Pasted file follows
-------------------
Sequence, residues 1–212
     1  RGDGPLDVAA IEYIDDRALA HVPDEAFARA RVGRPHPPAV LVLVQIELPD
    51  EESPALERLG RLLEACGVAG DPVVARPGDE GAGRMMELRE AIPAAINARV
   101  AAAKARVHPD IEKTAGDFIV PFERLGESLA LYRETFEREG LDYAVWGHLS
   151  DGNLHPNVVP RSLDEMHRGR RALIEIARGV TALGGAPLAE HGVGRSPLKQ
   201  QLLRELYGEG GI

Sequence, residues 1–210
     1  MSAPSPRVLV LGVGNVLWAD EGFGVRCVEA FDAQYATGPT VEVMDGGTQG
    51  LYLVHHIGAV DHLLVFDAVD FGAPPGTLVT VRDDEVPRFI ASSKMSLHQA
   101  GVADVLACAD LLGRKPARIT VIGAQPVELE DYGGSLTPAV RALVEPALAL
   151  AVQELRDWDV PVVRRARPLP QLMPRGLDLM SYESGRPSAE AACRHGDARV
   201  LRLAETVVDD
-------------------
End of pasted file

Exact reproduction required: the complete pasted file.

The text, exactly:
Sequence, residues 1–212
     1  RGDGPLDVAA IEYIDDRALA HVPDEAFARA RVGRPHPPAV LVLVQIELPD
    51  EESPALERLG RLLEACGVAG DPVVARPGDE GAGRMMELRE AIPAAINARV
   101  AAAKARVHPD IEKTAGDFIV PFERLGESLA LYRETFEREG LDYAVWGHLS
   151  DGNLHPNVVP RSLDEMHRGR RALIEIARGV TALGGAPLAE HGVGRSPLKQ
   201  QLLRELYGEG GI

Sequence, residues 1–210
     1  MSAPSPRVLV LGVGNVLWAD EGFGVRCVEA FDAQYATGPT VEVMDGGTQG
    51  LYLVHHIGAV DHLLVFDAVD FGAPPGTLVT VRDDEVPRFI ASSKMSLHQA
   101  GVADVLACAD LLGRKPARIT VIGAQPVELE DYGGSLTPAV RALVEPALAL
   151  AVQELRDWDV PVVRRARPLP QLMPRGLDLM SYESGRPSAE AACRHGDARV
   201  LRLAETVVDD